According to the NHS high blood pressure is 140/90mmHg or higher (or if you are aged over 80, the level is 150/90mmHg or higher). A healthy measurement is between 90/60mmHg and 120/80mmHg. However, if you get a reading of between 120/80mmHg and 140/90mmHg it’s considered a warning flag and could mean that if you don’t take action, you could end up with high blood pressure.

What are the treatments?

Lifestyle changes

There is a lot you can do to improve things if you are diagnosed with high blood pressure.

  • Keep your alcohol intake at low to moderate levels
  • If you’re a smoker, stopping the habit is one of the best things you can do.
  • Keep your weight at a healthy level.
  • Eat a healthy, varied diet.
  • Take regular exercise.


There are several medicines available for high blood pressure and some people take a combination. If you need to take them it’s important to do so regularly, even though you may not have symptoms as they will help prevent future problems.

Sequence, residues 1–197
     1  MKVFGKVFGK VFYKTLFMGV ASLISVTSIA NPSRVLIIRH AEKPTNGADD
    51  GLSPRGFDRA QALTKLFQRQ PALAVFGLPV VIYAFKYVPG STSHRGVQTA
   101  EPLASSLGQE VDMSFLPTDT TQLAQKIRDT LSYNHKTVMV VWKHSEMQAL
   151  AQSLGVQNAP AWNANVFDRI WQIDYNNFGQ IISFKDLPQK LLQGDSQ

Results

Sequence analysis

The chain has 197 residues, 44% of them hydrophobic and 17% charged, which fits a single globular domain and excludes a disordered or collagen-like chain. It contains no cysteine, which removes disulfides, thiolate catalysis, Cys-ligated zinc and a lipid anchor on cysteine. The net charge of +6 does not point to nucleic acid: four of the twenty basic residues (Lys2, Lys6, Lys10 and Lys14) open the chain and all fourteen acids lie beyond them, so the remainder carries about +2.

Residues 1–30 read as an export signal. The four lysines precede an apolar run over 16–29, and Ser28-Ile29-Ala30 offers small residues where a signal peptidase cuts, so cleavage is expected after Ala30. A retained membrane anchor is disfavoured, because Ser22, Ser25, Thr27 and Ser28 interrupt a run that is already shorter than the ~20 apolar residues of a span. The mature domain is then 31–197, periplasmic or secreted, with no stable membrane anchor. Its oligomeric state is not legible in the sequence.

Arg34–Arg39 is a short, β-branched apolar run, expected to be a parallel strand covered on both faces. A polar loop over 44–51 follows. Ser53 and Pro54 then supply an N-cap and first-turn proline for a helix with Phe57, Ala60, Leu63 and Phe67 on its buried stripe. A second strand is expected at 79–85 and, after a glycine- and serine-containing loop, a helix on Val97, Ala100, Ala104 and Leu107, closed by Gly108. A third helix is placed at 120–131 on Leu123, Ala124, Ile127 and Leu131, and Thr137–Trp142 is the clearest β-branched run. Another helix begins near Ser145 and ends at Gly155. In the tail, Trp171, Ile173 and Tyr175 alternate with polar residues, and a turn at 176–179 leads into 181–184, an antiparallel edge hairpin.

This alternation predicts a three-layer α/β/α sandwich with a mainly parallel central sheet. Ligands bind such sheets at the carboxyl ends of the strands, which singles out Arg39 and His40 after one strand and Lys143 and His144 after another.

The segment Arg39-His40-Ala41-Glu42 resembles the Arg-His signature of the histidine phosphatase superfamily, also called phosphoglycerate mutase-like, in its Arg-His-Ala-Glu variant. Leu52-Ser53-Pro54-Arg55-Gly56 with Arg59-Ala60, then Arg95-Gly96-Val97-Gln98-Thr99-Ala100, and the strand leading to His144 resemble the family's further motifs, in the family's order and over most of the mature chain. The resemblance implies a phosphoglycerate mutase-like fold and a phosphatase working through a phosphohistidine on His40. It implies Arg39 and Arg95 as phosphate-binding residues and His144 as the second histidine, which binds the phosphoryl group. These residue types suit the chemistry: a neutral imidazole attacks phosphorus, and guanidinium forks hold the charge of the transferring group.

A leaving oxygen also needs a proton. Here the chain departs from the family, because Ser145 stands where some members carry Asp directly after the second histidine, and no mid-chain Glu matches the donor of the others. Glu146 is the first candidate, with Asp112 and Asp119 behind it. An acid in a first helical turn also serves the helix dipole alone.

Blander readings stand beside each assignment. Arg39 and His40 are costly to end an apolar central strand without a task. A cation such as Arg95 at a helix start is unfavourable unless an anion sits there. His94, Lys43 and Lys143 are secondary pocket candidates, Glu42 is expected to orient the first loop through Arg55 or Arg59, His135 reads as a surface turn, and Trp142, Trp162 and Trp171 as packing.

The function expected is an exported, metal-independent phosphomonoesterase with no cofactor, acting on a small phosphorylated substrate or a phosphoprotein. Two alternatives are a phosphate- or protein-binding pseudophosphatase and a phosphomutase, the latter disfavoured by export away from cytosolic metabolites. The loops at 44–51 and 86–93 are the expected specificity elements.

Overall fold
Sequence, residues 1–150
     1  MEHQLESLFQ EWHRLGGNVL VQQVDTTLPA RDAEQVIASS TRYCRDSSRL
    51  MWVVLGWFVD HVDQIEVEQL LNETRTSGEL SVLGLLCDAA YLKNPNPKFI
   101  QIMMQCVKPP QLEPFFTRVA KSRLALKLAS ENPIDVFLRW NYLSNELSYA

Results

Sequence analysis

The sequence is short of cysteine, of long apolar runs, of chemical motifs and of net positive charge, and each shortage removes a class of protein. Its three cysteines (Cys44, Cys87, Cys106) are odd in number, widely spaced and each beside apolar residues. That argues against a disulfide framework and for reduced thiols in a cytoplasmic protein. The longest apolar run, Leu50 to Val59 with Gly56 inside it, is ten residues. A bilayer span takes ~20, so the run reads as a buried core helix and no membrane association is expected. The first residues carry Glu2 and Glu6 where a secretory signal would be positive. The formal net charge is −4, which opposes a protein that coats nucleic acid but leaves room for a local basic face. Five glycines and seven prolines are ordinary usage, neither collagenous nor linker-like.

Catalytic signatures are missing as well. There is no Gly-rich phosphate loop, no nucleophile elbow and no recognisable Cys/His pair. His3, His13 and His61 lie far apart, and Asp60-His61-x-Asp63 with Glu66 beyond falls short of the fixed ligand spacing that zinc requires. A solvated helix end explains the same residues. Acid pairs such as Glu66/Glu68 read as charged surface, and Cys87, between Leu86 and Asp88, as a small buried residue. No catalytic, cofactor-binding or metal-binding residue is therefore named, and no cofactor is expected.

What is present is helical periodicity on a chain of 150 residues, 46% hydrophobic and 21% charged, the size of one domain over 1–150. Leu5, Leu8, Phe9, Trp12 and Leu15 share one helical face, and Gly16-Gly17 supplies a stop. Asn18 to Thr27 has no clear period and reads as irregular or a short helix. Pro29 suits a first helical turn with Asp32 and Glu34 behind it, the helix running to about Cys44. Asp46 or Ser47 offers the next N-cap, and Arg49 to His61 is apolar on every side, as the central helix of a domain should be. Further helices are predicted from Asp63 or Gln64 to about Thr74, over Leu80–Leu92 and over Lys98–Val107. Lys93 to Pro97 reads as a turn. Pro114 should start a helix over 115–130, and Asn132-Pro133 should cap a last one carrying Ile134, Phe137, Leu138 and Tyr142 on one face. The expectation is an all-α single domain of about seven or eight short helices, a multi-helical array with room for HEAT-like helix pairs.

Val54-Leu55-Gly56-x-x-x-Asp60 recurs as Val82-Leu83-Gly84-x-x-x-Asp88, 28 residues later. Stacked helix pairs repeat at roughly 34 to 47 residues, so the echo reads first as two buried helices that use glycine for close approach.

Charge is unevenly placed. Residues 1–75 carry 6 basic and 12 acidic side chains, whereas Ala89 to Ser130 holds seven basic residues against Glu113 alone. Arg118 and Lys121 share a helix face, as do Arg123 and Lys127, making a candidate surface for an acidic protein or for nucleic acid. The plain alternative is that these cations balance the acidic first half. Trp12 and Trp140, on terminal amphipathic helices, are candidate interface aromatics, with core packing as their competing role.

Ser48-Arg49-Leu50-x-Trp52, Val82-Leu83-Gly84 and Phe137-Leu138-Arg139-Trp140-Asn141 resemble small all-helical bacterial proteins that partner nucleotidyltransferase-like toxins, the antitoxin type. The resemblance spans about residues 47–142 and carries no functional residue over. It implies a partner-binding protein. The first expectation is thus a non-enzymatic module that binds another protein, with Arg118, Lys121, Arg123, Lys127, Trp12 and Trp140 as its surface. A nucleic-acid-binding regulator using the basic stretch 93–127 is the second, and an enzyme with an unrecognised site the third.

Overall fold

If you are younger than 55 the usual medication is an ACE inhibitor or an angiotensin-2 receptor blocker (ARB). These work by relaxing your blood vessels. If you are 55 or older or you’re of any age and of African or Caribbean origin you are more likely to be prescribed a calcium channel blocker.  These work by widening your blood vessels.

Diuretics are used to help flush excess water and salt from your system. Beta-blockers reduce your blood pressure by making your heart beat more slowly and less forcefully. Medications can have side effects, however, so it’s important to talk through your options with your doctor to find the right one for you.

How to prevent it

Prevention measures are broadly the same things you would do to have a generally healthy lifestyle, so these include eating a healthy diet, maintaining a healthy weight, exercising regularly, not smoking, and limiting your alcohol intake to moderate levels.

Your diet is important, so eat plenty of fruit and veg. Salt raises your blood pressure, so keep an eye on your intake and be aware that salt turns up in a range of foods, so keep an eye on the food labels and don’t add salt to your meals. NHS guidance suggests you aim to eat less than 6g of salt a day.

Find out about low blood pressure here.